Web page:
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Reading another Marilynne Robinson’s work is another heavenly and fulfilling achievement. Her novels are arresting because they deal with family situations, imbued with suppressed  feelings we may relate to , conveyed in unconventionally recoiling ,but  creatively poetic prose- her writing style  which turns out to be acceptable  in literature.

For me, Robinson is one of the writers I have known so far whose prose is so powerful that I could be overwhelmed with the covert feelings. No wonder I had been looking for this novel for a long time. In fact, I don’t even brush off the idea of why Gilead  has been the pandemonium among literary readers on Goodreads whenever her name is being brought up. I wish to find it at an affordable price and in pristine condition.

Since her novels Home and  Lila had a great emotional impact on me , I have found that there seems to be preternatural effects while reading her work. I am not sure of her other works, but three of hers are enough to bear witness to my delusional claim. The hidden and adamant emotions tend to ooze out despite they are coated with her unorthodox or unconventional prose. Unorthodox or unconventional prose because Robinson writes sentences beyond literary rules. Compare hers with Irish writer Colm Tóibín‘s in his impressive The Master for instance. For this reason, reading her novels may appear to be hard, heavy, nose-and-brain bleeding except her Home because I was so into it and lost track of time, the springboard for my interest in reading another Robinson works. Thus, reading her works may require a matter of multi-tasking concentration. I wonder if native speakers get what I am jabbering about.  Nevertheless, I could feel the ghostly restricted atmosphere of the story: the gloominess, the sadness, the sense of loss, the joyfulness, the hatred, the desires – all the feelings that have   been harbored for a long time because of the past that should have been left behind the presence.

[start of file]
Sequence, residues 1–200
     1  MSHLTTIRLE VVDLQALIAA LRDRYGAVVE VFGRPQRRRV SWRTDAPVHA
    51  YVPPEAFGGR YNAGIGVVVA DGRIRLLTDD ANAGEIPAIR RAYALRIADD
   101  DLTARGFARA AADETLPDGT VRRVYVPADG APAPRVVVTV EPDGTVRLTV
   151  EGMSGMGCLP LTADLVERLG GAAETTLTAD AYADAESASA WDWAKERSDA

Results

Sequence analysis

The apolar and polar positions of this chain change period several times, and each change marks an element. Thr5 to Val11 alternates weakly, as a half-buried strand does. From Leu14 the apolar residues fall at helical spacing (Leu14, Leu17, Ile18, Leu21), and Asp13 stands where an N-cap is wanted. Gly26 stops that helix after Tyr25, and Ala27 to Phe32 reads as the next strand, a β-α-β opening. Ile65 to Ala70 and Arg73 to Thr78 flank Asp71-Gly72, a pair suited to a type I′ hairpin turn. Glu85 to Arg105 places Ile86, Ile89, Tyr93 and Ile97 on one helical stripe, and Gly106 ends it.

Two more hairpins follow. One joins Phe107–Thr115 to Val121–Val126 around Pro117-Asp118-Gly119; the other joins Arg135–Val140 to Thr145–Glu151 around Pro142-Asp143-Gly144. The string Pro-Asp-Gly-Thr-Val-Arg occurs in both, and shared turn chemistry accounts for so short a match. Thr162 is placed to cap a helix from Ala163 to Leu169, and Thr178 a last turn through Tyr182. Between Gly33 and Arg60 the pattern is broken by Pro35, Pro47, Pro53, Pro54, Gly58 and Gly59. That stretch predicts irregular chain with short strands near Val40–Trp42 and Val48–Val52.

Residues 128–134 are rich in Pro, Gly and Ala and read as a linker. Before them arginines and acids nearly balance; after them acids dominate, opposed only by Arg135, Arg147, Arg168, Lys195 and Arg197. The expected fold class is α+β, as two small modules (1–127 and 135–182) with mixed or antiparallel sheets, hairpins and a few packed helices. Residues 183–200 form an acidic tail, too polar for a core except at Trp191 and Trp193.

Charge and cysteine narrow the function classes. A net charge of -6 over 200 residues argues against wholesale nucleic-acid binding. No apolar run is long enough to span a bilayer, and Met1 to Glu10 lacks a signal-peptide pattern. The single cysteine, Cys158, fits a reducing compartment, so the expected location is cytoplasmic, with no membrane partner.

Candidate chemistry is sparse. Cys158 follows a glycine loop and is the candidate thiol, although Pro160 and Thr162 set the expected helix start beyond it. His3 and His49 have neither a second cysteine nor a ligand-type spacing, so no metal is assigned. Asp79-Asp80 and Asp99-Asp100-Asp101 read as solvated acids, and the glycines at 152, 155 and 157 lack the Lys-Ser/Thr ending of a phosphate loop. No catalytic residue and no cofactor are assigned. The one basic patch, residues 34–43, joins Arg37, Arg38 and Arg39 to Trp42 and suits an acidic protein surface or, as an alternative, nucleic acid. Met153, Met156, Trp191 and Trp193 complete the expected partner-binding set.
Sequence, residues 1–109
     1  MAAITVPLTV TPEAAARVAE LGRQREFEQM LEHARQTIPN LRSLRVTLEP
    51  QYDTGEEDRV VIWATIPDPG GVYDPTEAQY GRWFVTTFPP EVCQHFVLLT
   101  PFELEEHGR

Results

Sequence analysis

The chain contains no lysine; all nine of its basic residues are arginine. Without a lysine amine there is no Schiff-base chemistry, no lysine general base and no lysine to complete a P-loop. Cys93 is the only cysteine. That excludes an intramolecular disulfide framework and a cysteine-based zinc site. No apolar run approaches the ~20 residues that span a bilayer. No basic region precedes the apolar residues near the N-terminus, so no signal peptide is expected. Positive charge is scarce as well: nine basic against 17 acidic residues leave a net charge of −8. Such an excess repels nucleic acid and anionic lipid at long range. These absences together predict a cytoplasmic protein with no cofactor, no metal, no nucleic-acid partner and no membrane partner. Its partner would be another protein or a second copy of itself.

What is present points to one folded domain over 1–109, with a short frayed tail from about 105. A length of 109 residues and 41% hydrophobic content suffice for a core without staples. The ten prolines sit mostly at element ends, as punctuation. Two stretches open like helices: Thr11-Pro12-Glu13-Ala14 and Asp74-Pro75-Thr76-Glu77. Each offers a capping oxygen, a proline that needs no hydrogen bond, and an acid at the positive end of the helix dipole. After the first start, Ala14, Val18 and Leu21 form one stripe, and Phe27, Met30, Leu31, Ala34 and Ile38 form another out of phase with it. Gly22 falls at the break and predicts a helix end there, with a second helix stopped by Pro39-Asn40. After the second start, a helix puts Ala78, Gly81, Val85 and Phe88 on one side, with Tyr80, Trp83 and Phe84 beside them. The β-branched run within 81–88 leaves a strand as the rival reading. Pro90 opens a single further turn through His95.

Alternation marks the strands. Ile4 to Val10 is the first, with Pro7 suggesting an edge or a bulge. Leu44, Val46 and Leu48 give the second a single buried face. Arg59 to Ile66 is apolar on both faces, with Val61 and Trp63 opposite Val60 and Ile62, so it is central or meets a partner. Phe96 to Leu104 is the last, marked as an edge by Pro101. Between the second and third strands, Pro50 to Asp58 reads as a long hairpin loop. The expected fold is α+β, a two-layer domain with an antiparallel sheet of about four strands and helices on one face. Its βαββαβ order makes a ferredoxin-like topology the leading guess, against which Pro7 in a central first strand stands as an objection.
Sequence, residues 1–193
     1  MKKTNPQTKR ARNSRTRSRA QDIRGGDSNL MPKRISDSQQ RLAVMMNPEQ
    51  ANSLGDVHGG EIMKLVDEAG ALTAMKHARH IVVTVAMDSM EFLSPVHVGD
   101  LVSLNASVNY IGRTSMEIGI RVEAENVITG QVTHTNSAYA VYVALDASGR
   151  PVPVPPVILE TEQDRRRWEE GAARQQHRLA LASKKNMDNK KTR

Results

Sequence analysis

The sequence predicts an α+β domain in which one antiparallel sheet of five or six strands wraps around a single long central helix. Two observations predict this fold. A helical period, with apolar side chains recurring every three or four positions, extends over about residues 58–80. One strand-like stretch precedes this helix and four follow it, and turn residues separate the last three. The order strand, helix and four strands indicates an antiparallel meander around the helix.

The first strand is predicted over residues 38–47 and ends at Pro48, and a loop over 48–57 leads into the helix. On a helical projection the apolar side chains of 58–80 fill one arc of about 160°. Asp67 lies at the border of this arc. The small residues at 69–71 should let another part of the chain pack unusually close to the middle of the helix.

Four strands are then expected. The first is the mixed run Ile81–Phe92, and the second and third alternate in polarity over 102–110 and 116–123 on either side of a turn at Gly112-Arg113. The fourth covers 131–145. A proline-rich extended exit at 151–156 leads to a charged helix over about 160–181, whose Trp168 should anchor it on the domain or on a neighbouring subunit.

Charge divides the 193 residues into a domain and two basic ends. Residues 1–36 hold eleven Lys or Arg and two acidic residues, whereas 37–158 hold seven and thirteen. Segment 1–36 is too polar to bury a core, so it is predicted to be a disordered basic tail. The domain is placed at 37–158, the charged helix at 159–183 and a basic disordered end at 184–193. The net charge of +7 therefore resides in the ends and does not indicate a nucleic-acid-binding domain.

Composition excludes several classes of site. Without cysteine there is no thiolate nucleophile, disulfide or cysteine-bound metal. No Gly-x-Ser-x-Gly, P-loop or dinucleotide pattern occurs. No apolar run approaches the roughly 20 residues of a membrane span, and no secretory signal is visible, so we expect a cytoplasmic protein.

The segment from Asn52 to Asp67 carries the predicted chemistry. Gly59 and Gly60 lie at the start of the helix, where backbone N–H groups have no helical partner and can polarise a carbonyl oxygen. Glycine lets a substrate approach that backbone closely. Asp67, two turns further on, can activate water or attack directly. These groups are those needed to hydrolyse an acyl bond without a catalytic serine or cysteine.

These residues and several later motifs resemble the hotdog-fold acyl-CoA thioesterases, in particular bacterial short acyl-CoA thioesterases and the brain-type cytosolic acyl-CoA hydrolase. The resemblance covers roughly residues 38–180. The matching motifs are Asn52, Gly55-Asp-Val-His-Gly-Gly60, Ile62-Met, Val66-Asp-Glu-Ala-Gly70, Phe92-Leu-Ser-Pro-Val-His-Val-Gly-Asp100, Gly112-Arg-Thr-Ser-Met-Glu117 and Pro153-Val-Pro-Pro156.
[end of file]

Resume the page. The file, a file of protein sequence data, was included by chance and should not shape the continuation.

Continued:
Housekeeping, aside from being in the Guardian’s 1001-Best- Novels-You-Must-Read-Before-You-Die list, is included by TIME magazine as one of 100 Best English-language Novels since 1923 to 2005. Lila and Home   have been added recently by the Guardian if I am not mistaken. Comparatively and subjectively speaking, Home is my favorite. I cried over it a lot. I felt the withered or dormant emotions Robinson wanted her readers to blow up. I felt the cathartic tears flowing down my cheeks. It was a therapeutic experience. The story is psychologically realistic after all. Besides, it really reminded me of my cold conflict with my father then. However, with respect to creativity, magical mastery for writing a novel, Lila and Housekeeping stand out. They have proven Robinson’s unparalleled, incomparable writing skills- her ability to dramatically animate the story despite it is covered with bricks of “suppressible” prose, and that is something I would say Robinson’s trademark. Gotcha?

The big challenge for me next time since Robinson is known for her heavy prose is how to finish her novel. I admit that it took me a few days before I managed to finish it given that it is not that as ambitious as her other works. I was like an adventurous book traveler lost in a chimerical book land trudging through different places to reach its revealing denouement. Good grief! I made it, but the experience is not traumatic. Rather, the proverb,” The road to hell is paved with good intentions.” popped into my mind, and I mustered enough courage to do so. There it is! Eureka! Marilynne Robinson is a gifted writer, indeed, someone all literary readers should celebrate about. So, count me in!!!

Ironically, Gilead ( 2004), Home (2008), and Lila ( 2014) are supposed to be a trilogy , but I first read Home and Lila consecutively. Housekeeping is Marilynne Robinson’s first novel.